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Abstract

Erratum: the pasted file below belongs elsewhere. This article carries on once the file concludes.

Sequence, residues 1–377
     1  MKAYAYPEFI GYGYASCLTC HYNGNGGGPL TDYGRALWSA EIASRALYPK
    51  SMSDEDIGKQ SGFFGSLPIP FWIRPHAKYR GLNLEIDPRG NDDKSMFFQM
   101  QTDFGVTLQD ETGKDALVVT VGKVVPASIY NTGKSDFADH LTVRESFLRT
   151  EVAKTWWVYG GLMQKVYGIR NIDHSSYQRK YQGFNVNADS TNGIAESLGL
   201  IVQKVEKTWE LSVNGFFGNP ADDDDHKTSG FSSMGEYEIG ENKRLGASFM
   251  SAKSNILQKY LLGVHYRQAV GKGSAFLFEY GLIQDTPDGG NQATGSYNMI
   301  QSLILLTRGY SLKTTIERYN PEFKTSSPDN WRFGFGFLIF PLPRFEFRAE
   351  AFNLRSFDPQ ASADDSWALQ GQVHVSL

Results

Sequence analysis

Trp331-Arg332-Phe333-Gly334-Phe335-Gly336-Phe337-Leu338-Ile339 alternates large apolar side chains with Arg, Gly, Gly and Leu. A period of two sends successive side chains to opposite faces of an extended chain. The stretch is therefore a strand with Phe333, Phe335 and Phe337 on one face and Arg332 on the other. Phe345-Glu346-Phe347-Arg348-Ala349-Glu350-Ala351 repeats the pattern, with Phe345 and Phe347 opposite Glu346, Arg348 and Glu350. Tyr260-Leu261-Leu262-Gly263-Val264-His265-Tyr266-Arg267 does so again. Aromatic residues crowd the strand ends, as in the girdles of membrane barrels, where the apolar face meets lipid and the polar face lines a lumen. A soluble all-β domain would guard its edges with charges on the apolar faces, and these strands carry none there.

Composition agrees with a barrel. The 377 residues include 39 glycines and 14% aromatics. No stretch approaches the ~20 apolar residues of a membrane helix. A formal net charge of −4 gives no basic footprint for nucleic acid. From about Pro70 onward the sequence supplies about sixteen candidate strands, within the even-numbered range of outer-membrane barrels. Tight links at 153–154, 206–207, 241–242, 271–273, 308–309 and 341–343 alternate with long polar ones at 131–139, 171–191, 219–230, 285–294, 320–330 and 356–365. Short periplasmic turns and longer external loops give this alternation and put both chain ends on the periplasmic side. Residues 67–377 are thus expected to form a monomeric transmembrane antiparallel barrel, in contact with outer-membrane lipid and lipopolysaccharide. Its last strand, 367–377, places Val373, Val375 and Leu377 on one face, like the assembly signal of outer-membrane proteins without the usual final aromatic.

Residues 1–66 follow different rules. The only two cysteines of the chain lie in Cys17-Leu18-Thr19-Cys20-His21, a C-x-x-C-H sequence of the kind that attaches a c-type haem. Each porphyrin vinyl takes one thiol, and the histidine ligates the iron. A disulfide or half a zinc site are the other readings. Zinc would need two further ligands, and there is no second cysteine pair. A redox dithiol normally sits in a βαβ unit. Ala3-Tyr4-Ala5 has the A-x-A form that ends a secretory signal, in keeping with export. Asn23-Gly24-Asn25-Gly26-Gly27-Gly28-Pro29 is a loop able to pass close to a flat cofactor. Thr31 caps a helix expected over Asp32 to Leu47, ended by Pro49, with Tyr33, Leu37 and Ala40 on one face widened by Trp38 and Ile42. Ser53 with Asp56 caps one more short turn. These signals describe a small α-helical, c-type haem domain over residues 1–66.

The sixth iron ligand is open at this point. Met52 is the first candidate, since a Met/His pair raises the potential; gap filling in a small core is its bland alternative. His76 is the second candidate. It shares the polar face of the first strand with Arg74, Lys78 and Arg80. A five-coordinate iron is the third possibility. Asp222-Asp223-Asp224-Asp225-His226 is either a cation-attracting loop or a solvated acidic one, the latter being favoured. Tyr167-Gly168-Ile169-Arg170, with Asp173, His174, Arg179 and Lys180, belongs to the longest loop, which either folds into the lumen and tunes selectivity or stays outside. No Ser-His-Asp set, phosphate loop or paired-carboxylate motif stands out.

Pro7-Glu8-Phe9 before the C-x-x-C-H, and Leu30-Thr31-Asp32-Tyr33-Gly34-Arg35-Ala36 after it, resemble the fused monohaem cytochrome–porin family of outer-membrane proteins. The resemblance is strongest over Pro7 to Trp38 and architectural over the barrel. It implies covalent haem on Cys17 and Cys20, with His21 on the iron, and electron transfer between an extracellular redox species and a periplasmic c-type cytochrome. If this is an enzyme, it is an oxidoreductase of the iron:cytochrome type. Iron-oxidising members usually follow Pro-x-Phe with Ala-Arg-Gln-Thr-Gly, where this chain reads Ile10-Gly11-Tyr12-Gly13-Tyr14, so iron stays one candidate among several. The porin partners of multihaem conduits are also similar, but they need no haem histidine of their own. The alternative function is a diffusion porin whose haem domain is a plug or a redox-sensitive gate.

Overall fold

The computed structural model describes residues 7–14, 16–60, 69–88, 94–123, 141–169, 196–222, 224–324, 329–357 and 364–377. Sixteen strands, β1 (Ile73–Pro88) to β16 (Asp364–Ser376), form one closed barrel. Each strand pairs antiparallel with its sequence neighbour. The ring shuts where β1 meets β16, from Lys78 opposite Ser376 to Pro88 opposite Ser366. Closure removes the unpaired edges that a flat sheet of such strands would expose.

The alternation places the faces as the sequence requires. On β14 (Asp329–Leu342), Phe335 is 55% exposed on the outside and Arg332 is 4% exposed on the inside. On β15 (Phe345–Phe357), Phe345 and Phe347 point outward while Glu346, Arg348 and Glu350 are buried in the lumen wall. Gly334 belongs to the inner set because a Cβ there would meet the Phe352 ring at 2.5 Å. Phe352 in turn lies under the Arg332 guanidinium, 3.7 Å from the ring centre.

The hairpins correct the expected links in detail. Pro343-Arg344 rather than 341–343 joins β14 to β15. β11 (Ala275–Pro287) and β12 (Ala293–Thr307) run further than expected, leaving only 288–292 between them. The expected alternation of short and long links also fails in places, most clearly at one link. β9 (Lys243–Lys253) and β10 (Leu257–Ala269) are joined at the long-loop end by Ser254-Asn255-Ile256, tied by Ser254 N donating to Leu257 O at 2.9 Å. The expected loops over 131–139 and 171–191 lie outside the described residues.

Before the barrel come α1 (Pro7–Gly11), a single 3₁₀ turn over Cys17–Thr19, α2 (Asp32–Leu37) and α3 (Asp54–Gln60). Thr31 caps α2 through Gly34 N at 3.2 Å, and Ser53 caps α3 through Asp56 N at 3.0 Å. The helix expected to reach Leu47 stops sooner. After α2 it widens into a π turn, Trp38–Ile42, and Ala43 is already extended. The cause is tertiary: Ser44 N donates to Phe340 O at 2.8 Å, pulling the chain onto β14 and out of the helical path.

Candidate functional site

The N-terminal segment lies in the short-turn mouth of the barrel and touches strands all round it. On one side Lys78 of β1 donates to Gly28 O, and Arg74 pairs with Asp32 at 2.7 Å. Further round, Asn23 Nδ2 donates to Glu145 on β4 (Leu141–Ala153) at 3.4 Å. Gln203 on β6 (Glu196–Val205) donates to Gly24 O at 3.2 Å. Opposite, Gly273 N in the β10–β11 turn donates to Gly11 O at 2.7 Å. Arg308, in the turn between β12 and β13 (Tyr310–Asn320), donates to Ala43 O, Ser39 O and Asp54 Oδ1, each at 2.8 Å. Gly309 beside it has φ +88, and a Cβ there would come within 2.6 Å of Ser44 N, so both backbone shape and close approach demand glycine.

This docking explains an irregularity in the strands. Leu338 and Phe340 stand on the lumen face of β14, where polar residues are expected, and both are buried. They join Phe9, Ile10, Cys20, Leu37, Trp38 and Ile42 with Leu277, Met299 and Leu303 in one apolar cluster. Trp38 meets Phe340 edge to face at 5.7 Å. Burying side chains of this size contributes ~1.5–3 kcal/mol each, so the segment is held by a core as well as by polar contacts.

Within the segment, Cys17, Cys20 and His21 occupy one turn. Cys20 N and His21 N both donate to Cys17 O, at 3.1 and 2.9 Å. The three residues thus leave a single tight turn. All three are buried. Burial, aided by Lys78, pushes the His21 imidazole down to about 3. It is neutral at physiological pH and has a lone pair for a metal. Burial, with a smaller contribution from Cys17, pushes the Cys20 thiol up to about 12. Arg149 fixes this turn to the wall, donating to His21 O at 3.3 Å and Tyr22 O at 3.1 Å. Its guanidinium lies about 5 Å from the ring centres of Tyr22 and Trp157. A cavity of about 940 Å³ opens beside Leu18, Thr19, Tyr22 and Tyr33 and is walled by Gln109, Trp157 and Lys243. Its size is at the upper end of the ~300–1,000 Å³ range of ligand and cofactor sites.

The regulation of renal sodium and water excretion through a hepatorenal reflex activated by the changes in hemodynamics of the portal circulation has been suggested. We hypothesize that the changes in intrahepatic blood flow and flow-related intrahepatic adenosine are involved in the control of renal water and sodium excretion by triggering a hepatorenal reflex. Anesthetized rats were instrumented to monitor the systemic, hepatic, and renal circulation. A vascular shunt connecting the portal vein and central vena cava was established to allow for control of the portal venous blood flow (PVBF). Urine was collected from the bladder. The effects of decreased PVBF on renal water and sodium excretion were compared in normal and hepatic denervated rats. Decreasing intrahepatic PVBF by half for 30 minutes decreased urine flow by 38% (12.1 ± 1.1 vs. 7.5 ± 0.7 μL · min−1) and urine sodium excretion by 44% (1.11 ± 0.30 vs. 0.62 ± 0.17 μmol · min−1). Renal arterial blood flow (RABF) and creatinine clearance were also reduced by the decreases in intrahepatic PVBF. Hepatic denervation, or intrahepatic administration of an adenosine receptor antagonist, 8-phenyltheophylline (8-PT), abolished the effects of decreasing PVBF on urine flow and sodium excretion. The data suggest that the decrease in intrahepatic PVBF triggers a hepatorenal reflex through the activation of adenosine receptors within the liver, thereby inhibiting renal water and sodium excretion. The water and sodium retention commonly seen in the hepatorenal syndrome may be related to intrahepatic adenosine accumulation resulting from the associated decrease in intrahepatic portal flow.